Putting Racists in Perspective

     I was having dinner with a female classmate. It had begun as a study session but was turning into more by virtue of our classmates having begged off at the last minute. We decided to continue over dinner and found ourselves hitting it off well. An Asian male with a white female was a rare enough combination in our little college town. Add to that the fact that she would have turned heads on her own. Before long I noticed that we had attracted the attention of three well lubricated young white men at the bar.

     The friendlier I and my classmate became, the louder and ruder became their comments. My pretty companion was either oblivious or was deliberately -- and quite successfully -- ignoring them. I wanted to keep our rapport flowing and was wrestling with the impulse to walk over and confront the peanut gallery. I hated to seem like a passive milquetoast. But I also hated the thought of embroiling my classmate in an incident precipitated by my Asian face. I didn't know which would turn her off more, but I hated those three racists for placing me in that quandry.

     Just as their comments were getting so loud that I felt compelled to step up to confront them, the bartender clapped two of them on the back in one of those mock-chummy gestures meant to put a good face on a bad situation. The rednecks offered up some protests but the bartender was firm in insisting that it was time for them to leave. With much grumbling and several hard stares in our direction, the three stooges paid the tab and slid off their stools. One took a slight detour from their forced march toward the door and brushed past me. "Gooklover," he hissed.

     Reflexively I jumped to my feet and snarled, "Get a life, Hick." I was ready to sink my foot into his protruding gut at the next provocation.

     "They're out of here." The bartender moved between us and gave the redneck a shove toward the door. "Why let these guys spoil a good thing?" He gave me a wink and a friendly pat on the back.

     Looking into the bartender's avuncular face, I felt as though his words contained the wisdom I had been seeking. At that instant some important facts dawned on me. First, that racists like those guys didn't speak for American society. Second, that it would be stupid to let hateful people spoil even a moment of my life. Third, that I should be focusing all my attention on the people who mattered.

     Later that night, as I went over the events of that day, I concluded that the type of relationship I would have with American society was my choice to make. I could sweat the racists and become a bitter racist myself. Or I could focus on the decent people and enjoy their friendship and sympathy. That was when I made a conscious commitment to stop giving racists the power to represent American society.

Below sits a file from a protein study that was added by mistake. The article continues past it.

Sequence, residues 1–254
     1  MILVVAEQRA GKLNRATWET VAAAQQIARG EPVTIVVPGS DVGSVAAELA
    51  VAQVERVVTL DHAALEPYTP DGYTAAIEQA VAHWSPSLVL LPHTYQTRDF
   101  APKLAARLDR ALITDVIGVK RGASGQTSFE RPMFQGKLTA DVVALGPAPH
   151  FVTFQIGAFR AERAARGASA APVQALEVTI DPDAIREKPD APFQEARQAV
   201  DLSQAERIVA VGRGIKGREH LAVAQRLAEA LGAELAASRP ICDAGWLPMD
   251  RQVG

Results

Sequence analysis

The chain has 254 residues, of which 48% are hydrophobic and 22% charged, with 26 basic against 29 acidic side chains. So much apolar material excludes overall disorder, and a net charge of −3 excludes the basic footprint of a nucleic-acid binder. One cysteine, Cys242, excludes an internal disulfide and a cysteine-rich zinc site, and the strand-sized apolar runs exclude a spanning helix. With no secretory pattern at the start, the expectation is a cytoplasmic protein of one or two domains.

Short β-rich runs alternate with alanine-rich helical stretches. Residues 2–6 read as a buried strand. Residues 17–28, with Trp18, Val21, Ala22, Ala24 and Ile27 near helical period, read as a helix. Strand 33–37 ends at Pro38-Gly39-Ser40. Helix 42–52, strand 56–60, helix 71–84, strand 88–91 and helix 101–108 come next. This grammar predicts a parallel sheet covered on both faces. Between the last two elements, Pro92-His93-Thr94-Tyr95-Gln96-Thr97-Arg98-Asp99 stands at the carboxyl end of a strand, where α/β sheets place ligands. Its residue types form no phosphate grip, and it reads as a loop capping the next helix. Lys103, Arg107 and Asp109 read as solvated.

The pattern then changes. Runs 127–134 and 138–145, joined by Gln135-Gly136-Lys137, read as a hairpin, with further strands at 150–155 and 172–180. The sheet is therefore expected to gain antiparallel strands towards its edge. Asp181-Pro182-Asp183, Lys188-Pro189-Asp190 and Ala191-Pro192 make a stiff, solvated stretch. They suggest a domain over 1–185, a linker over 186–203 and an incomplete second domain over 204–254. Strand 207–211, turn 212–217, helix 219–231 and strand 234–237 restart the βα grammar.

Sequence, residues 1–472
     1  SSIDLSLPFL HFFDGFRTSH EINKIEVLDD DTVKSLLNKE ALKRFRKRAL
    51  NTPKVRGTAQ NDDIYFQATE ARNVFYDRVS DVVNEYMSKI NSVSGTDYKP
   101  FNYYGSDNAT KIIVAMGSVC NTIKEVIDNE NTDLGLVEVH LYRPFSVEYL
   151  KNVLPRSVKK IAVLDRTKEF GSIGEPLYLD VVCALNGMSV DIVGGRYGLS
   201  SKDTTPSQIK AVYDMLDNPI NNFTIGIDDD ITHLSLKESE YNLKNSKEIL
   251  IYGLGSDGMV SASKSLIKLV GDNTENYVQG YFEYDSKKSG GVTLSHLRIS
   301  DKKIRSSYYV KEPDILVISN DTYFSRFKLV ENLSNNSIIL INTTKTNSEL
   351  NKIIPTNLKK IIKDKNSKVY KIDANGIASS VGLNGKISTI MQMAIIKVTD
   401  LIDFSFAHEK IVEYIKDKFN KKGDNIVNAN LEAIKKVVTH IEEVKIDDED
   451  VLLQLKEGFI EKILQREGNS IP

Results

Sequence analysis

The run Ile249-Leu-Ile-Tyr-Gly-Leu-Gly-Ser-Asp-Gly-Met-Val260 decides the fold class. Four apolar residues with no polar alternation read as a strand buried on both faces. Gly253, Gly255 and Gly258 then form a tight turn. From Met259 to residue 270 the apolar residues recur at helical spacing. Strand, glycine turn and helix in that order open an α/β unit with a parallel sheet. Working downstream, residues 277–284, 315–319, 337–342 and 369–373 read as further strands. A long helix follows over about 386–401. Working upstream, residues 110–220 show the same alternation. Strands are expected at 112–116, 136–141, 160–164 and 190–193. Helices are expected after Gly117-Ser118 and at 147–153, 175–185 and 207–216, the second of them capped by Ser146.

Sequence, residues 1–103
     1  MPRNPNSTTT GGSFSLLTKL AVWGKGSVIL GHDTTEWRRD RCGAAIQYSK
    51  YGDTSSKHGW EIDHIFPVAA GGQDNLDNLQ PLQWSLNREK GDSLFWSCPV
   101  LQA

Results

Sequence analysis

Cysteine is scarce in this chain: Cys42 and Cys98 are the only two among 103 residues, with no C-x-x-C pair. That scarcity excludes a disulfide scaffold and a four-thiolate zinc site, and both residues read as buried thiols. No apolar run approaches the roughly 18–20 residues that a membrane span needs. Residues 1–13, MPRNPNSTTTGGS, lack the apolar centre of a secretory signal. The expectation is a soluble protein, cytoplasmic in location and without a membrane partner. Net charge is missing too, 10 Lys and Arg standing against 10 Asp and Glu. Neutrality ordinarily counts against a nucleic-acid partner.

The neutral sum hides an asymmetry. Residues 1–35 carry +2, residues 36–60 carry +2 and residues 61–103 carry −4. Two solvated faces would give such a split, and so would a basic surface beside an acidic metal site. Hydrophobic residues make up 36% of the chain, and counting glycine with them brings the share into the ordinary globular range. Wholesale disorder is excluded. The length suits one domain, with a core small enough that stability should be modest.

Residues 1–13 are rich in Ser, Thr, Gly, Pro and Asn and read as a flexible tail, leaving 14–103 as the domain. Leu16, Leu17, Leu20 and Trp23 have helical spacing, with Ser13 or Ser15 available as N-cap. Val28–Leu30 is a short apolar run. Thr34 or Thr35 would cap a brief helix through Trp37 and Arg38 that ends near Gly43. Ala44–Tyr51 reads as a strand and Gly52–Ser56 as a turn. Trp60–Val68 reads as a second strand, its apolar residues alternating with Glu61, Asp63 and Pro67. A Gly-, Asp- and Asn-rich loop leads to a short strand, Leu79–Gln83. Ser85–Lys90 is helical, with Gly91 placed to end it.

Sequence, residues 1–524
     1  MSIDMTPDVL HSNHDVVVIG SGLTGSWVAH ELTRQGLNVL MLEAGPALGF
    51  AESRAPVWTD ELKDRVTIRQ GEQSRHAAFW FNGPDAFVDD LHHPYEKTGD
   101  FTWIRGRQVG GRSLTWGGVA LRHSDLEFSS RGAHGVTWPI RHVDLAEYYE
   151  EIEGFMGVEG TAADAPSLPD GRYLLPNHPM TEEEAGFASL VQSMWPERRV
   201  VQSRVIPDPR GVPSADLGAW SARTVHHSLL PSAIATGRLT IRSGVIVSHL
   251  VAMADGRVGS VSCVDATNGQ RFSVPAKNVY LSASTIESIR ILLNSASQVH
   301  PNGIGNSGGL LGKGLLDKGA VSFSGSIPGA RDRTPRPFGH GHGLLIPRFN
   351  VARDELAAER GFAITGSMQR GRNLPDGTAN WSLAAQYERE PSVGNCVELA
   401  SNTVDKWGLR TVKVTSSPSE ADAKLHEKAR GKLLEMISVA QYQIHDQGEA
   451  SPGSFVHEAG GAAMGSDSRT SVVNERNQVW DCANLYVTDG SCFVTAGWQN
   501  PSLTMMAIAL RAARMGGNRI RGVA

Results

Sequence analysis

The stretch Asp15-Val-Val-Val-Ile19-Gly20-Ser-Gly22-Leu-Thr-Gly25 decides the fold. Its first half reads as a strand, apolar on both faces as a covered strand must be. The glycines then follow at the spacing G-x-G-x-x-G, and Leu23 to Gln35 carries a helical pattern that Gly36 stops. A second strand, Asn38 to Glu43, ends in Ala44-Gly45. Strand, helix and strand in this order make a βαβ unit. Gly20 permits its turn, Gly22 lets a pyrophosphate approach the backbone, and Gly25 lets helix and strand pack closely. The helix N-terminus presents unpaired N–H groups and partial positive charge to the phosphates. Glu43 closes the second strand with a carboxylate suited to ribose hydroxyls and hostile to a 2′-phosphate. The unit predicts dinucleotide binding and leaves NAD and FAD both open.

That commitment sapped most of my dread of racial encounters. Once I decided that racists don't define America, I stopped feeling as though I were somehow judged by how they react to me. I no longer felt obliged to suppress my personality for the sake of seeking approval from the kinds of people who would never give it to me in any case.

     Over the next few years I came to see that racists are the real misfits of American society. They speak for no one but their own sad, warped selves. What they think of me has as much impact on my life the opinions of the ghetto kids who used to heckle me when I was a kid. I came to understand that racists react with such hatred because they feel threatened, marginalized, bypassed, despised. They seek the security of belonging to something, even if only to the race into which they were born. In essence, racism is the symptom of the alienation that such people feel from the mainstream of American society.

     Having gone through this evolution in perception, I am saddened when I see fellow Asian Americans dwelling so much on the opinions of those sad misfits looking to spread around their insecurity and despair.

     These days it's considered smart among young Asian Americans to be cynical and to question whether this nation's founders or the Constitution's framers really intended to foster true equality for all races or exclusively for Whites. The bottom line is that the question has been rendered moot by what has happened in the quarter millennium since. Regardless of what the framers may have really had in mind, what matters today is that, time and again, our nation has affirmed and reaffirmed racial equality as the overriding principle of American life. Even today our society doesn't embody perfect racial harmony, but there's no question that our social evolution has decisively been away from racial and cultural intolerance. Generations of Americans have committed this nation to racial equality and harmony as essential to progress and stability. Whether this nation is sincere in its commitment to racial equality is no longer open to debate. All that remains is to decide how we can best work to see that goal realized.

     I urge Asian Americans not to fall into the trap I fell into of equating racists with American society. It's all too easy for us to OD on racial incidents and adopt hard shells of cynicism. But taking that low road merely perpetuates our alienation from American society. We must always remember that we have the choice of joining the racists in a race war on the margins of society or of joining with the mainstream in the high road toward racial harmony and equality.

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“Once I decided that racists don't define America, I stopped feeling as though I were somehow judged by how they react to me.”

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